Political crisis takes attention away from Pune cops accused of planting evidence in Bhima-Koregaon case
Political turmoil in Maharashtra has overshadowed the sensational allegation that one or more police officers in Pune fabricated evidence to implicate human rights activists in the Bhima-Koregaon case
The Maharashtra political crisis has once again taken the focus off policemen in Pune accused of hacking into computers of several accused in the Bhima-Koregaon ‘conspiracy’ case and planting incriminating evidence.
While US forensic labs and Citizens’ Lab in Canada, commissioned by some of the defendants and the Washington Post, had reported last year about the hacking, the science and technology journal WIRED on June 16 carried it forward. It claimed to have identified the police officer in Pune who had hacked and planted the evidence.
The writer Andy Greenberg tweeted, “It’s a wild, appalling story: A group of hackers fabricated evidence on the PCs of Indian human rights activists who were then arrested for terrorism and jailed. Now researchers have found a direct link between those hackers and the police making the arrests.”
“That link, somewhat amazingly, was that of a Pune City Police official who added his own email and phone number as the recovery contacts for three of the activists’ hacked accounts, likely as a very crude way to maintain access, sometimes just months before the activists were arrested”. The identification, he admitted, was helped by an important key provided by someone in the email provider company.
The researchers then went on to identify the police officer’s photograph and found that the officer was present in some of the press briefings held after the arrest of the human rights activists.
As many as 13 of the 16 accused in the case—among them professors, lawyers, journalists and activists—have been in jail for nearly four years. They have been denied bail and their trial is a long way off. One of the accused, 84-year-old Stan Swamy, died after medical attention to him was delayed.
But neither the Union government nor the state government and agencies have shown any interest in investigating the allegations. Nor has the prosecution made any move to summon the researchers, interrogate them online or request them to depose.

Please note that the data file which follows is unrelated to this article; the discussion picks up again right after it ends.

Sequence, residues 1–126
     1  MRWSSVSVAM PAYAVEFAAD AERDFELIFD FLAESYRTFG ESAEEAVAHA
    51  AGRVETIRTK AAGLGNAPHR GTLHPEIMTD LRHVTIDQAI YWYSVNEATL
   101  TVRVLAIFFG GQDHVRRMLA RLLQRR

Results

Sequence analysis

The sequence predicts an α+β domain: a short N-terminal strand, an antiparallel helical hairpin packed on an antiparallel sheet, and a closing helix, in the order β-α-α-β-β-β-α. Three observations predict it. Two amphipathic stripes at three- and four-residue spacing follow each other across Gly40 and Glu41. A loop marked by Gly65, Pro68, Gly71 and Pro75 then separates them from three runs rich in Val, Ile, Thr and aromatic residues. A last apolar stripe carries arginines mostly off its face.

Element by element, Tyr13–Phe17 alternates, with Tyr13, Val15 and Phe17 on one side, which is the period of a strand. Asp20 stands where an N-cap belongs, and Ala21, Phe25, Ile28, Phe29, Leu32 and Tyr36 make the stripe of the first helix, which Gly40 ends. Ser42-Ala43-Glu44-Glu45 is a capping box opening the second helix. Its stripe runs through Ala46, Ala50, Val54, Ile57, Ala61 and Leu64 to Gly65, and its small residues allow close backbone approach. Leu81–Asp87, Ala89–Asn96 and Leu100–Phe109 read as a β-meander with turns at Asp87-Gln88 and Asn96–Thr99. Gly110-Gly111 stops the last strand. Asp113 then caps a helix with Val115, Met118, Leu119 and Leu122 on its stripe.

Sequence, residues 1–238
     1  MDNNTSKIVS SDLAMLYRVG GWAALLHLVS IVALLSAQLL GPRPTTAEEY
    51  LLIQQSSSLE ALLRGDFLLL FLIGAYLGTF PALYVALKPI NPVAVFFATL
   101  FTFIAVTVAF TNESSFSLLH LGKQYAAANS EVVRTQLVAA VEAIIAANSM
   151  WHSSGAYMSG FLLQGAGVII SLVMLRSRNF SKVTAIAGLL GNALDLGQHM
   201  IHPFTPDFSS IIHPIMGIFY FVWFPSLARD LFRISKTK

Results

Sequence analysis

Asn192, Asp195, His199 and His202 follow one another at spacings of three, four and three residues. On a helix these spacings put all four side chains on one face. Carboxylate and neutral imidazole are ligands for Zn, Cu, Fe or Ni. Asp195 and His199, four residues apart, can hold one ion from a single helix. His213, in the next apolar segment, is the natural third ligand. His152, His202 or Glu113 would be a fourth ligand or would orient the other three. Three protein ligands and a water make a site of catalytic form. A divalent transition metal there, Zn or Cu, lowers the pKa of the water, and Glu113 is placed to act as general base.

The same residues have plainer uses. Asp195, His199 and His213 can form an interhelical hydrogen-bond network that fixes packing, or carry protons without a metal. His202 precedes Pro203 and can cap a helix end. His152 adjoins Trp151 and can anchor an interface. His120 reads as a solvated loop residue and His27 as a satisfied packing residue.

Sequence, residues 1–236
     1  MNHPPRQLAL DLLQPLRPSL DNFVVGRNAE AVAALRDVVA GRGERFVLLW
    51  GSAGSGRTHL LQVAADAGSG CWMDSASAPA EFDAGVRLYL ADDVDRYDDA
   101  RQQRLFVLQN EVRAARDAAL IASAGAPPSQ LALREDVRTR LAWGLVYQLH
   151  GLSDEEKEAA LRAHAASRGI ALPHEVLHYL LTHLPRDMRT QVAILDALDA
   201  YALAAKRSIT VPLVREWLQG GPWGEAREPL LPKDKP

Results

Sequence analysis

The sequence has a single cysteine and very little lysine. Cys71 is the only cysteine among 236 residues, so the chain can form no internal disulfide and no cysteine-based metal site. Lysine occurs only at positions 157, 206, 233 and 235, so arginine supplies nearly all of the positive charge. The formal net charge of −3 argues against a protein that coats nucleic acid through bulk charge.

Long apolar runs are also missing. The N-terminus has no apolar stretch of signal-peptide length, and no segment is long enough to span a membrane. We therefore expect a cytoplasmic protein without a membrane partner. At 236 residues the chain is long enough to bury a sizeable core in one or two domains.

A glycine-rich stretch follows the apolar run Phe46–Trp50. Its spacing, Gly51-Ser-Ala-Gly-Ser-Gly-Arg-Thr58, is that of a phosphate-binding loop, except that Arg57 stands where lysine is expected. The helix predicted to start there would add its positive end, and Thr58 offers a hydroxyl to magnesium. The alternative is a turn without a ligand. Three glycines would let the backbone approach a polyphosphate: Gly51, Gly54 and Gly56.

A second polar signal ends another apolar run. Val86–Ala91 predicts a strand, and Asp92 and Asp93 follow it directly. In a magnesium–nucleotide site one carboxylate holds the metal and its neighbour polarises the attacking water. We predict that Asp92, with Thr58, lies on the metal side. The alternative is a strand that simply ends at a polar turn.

When the Bhima-Koregaon accused were being rounded up in 2018, Rashmi Shukla, IPS was the Police Commissioner at Pune. She has since then been charged with illegal phone tapping of nonBJP politicians in Maharashtra. Shivaji Bodke was the Additional Commissioner. Another controversial police officer, Parambir Singh was ADG (Law & Order) at Mumbai.
The same group of police officers, who were deemed to be close to the then chief minister Devendra Fadnavis, as coincidence would have it, were involved in handling several sensitive and controversial cases, including the Antilla bomb scare and the mysterious death of judge B.H. Loya. Fadnavis at the time was both chief minister and held the Home portfolio.
The human rights activists were accused of being urban naxals plotting against the State and assassination of a constitutional functionary.
It was always a mystery how or why the Pune Police arrested a former priest Stan Swamy (84) from far-away Ranchi among others. Fr Swamy had denied having any knowledge of Bhima-Koregaon, of being there or about the conspiracy. Similarly, it made little sense for Pune Police to arrest management professor Anand Teltumbde from Goa besides Rona Wilson, Hany Babu, Gautam Navlakha and Sudha Bharadwaj from Delhi.
Their computers were seized and Pune Police claimed that incriminating documents and emails proved their complicity.
If the charge of fabricating the evidence is proved, then the police officers, some of whom are clearly being protected by the Union government, would be liable to undergo prison terms.
Julio Ribeiro former Mumbai Police Commissioner, DGP Gujarat, DGP Punjab and former Indian ambassador to Romania said, “I read that a Massachusetts based digital forensic firm and companies based in the US have said that these things were planted. While they seem to have no reason to lie, I think in the interest of justice they should be questioned by the prosecution.”
(This article was first published in National Herald on Sunday)